The Creative Coast’s blogspot is Savannah’s sounding board for local thinkers, innovators, wanderers and wonderers. Guest bloggers share their thoughts, opinions and creative noodling from all over the map. This week’s blog is from Summer Teal Simpson, one of Savannah’s non-stop movers, shakers, and all round hip people. Read on for Summer’s approach to making good things happen……
I moved to Savannah nearly six years ago, leaving behind fast-paced life in Atlanta in favor of the charm, the ease, and the eccentricity of the Hostess City. Finding myself in a state of professional transition, I waltzed into the United Way building in search of a position volunteering until steady employment came along.
That’s the day I met Shirley Sessions, the director of Hands On Savannah, the volunteer center of United Way of the Coastal Empire (UWCE). She was instantly – and is still – one of my most favorite people I’ve ever met. She is genuine, kind, fun and remarkable champion and vehicle for volunteerism in Savannah. By the end of that meeting, our fates were sealed. I would go to work for her in service as AmeriCorps Project Coordinator. It was a tremendous introduction to this great community and one of the more uplifting professional endeavors I’ve ever been part of.
Three weeks ago I received an email from Shirley. I was tickled to hear from her and honored to accept her invitation to serve as a judge for the upcoming 33rd Annual UWCE Volunteer Awards & Recognition Luncheon on April 25th. The luncheon honors extraordinary volunteer work in Bryan, Chatham, Effingham and Liberty counties and presents awards in the following categories: Animal Advocacy, Cultural Arts/History, Education, Environmental/Conservation, Health & Human Services.
Prior to my involvement with Hands On Savannah, I naively undervalued volunteerism and its game changing impact on communities. In Savannah alone, it is the dedication of countless volunteers that provides some fairly basic level social services to the people of this community – be it the poor, the elderly, the handicapped, or the youth. It is also volunteer hours served that help to uplift arts, cultural affairs, and humanities, protect our precious natural resources, and support animal welfare organizations.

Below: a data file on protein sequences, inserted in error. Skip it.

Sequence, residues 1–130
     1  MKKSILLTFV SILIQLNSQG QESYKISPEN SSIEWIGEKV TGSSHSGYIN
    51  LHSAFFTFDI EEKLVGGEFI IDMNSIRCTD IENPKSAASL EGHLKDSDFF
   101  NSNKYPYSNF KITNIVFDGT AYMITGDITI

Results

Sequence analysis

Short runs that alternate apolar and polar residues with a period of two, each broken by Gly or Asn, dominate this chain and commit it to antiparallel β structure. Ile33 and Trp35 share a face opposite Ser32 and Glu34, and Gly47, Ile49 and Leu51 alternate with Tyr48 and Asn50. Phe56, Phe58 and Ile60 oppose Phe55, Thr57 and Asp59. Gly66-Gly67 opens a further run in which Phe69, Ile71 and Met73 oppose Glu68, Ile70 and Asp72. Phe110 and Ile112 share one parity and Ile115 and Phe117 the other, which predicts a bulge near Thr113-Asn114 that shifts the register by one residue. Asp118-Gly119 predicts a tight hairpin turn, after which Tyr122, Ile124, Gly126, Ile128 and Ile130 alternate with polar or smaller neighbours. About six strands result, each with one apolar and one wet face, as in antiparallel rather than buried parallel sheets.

As one Brian O’Connell is attributed as saying, “Volunteering creates a national character in which the community and the nation take on a spirit of compassion, comradeship and confidence.” Evidence suggests that a community rich in volunteers boasts a healthier, more involved, more prideful constituency. It has further been suggested that “Volunteering is the ultimate exercise in democracy,” with volunteerism equating hands-on participation in community building and the shaping of a citizenry.
Correlation has been found between service and health benefits, with ICM Research indicating that repeat volunteers report weight loss, lower usage of alcohol and cigarettes, and reduced stress and overall depression. Professionally, as I quickly discovered, volunteers are found to have improved team work, better leadership skills, and a higher likelihood of promotion and salary increase. This explains why many of the largest corporations are requiring or encouraging company-wide community service programs and volunteer engagement.
I’ll leave you with some additional compelling facts on volunteerism, but first I want to implore you with a call to action. In a community the size of the one we share, each of us has a great ability and responsibility to affect change. I challenge you to evaluate your role therein. Through organizations like Hands On Savannah you can become involved in any number of service opportunities that impact the lives of others… and can result in noticeable changes to your own.
Some facts on volunteering:
- According to the U.S. Bureau of Labor Statistics, the volunteer rate rose by 0.5 percentage point to 26.8 percent for the year ending in September 2011.
- According to the Corporation for National and Community Service, about 62.7 million Americans, or 26.5 percent of the adult population, gave 8.1 billion hours of volunteer service worth $173 billion in 2010.
- According to the Independent Sector, the estimated value of volunteer time for 2011 is $21.79 per hour.
The 33rd Annual Volunteer Awards & Recognition Luncheon takes place from 11:45 am – 1:00 pm on April 25th at Savannah Station. Tickets are available for $20 per person. For additional information, visit www.uwce.org or www.handsonsavannah.org.
Summer Teal Simpson